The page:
Published in “Business Edge” website, June, 2010
Click here for original article.
In today’s “new normal” business environment, leadership is even more critical to achieving bottom line results because customers are demanding more for less, employees are concerned about the future and cash is tight. In my experience working with clients across multiple industries and globally, I’ve found there is one distinguishing factor to those companies who consistently achieve bottom line results and provide excellent customer service – leadership.
There are three keys to an effective leader who drives not only profitability and cash flow, but also engages employees, customers and suppliers:
1. Clear vision
2. Effective communication of the vision
3. A culture that values execution
1. Clear vision: I’m not referring to those leaders who spend significant dollars drafting and posting vision statements yet who do not live the vision statement. You might as well stay home. Instead, I’m referring to those leaders who have a clear vision of where the company is headed and why it matters. Throw out the fancy PowerPoint slides – even if the vision is written on a napkin, it will be effective if the leaders are clear on the direction.
In order to develop an effective vision, the leader must know the market, customers, suppliers, employees, etc. And the leader must be able to translate the vision into something all the constituents can understand. Being “the best” means nothing. Your vision must be tangible and actionable.
2. Communicate the vision: Communicate, communicate and communicate. It might seem endless yet it is vital to continue to articulate the vision in various ways and through different mediums until it becomes a part of the everyday culture and understood by not only employees, but also customers, suppliers, bankers, investors etc.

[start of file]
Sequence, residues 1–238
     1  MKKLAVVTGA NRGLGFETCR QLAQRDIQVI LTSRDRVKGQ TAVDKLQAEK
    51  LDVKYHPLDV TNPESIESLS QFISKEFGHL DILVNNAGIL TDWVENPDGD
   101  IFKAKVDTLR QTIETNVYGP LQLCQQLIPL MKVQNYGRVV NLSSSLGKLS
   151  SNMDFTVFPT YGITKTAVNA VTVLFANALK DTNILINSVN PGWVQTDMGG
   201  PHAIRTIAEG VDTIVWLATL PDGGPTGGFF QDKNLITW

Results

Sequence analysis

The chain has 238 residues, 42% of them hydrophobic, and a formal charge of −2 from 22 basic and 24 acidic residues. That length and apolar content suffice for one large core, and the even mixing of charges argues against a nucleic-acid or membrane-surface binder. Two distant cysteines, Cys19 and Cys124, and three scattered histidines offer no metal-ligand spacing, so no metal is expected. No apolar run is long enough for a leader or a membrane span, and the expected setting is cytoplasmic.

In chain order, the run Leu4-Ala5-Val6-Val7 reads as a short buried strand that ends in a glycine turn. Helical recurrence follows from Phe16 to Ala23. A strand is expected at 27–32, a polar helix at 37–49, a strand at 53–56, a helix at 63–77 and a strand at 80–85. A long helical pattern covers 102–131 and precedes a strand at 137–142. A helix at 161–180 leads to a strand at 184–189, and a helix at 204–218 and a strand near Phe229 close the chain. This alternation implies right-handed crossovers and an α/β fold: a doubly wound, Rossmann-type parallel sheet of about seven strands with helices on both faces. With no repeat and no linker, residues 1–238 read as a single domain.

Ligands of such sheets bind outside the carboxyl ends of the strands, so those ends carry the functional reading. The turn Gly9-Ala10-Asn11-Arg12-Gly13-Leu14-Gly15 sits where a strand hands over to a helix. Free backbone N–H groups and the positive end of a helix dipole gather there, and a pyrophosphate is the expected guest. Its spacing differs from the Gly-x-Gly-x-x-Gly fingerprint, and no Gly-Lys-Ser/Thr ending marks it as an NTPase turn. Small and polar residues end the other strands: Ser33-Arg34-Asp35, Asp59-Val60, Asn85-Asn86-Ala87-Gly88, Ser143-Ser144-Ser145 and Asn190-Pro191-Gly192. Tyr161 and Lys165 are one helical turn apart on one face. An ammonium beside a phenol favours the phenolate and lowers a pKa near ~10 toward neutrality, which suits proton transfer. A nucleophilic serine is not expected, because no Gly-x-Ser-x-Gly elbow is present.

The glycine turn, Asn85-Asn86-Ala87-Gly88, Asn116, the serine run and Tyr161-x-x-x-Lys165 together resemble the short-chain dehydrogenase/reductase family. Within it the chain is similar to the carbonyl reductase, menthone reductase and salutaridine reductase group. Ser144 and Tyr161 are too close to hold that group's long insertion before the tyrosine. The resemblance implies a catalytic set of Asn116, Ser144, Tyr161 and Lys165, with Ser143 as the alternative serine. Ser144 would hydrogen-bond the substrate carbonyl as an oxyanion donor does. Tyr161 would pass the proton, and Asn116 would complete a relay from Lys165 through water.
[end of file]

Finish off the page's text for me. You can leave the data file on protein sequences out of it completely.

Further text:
Communication is not a one-way street. Although the end vision shouldn’t change, there are countless ways to achieve the vision. Thus, encouraging discussion and debate on the optimal strategies/ paths to achieving the vision is vital. Take the time to listen. Ask probing questions and be open to new ideas. One of the keys to success is utilizing each person’s unique strengths to achieve a better result than any one person could achieve on his/her own; however, the only way to do that is to stop talking – and listen.
Last but not least, the communication process must be incorporated into the performance feedback process. When the vision is translated into goals and objectives for each employee with metrics which are tied to rewards, recognition and feedback systems, it will drive results.
3. Value execution: My most successful clients value execution. Focusing decisions and priorities on those efforts that produce results sounds obvious, but is often overlooked – it is easy to get caught up in great-sounding ideas that are complex and resource and/or capital- intensive to implement. Instead, think about “Occam’s Razor” – in essence, all other things being equal, the simple solution is often the best one (and most profitable).
Valuing execution has to be incorporated into the performance management system as well. Do not reward solely effort. Reward those who are willing to challenge the status quo. Reward those who encourage teamwork and debate to develop new ideas. Don’t reward those who develop fancy project charters and timelines, but who do not ensure the project results are achieved; instead, reward those who manage the critical path with vigor. Reward those who are willing to address the sacred cows. Reward those who are willing to go the extra step to ensure success when they don’t know anyone is looking. Reward those who accept blame and give away credit. Reward those who continually look for a better way.
It is not easy to be a leader in a culture that values execution (after all, how will you know what to reward without a significant effort?), but, with consistent application, it will become a rewarding experience and will deliver significant bottom line results.
These qualities are not expensive in terms of capital or resources, yet in my 20-plus years of experience, it is the only combination that delivers a 100 percent success ratio. When I’ve been involved with a business with these sorts of leaders, amazingly, the business just seemed to “fall into place” – sales, profits, and cash flow increased. Yet, in the exact same industry with a similar situation, the opposite occurred – the only difference was leadership.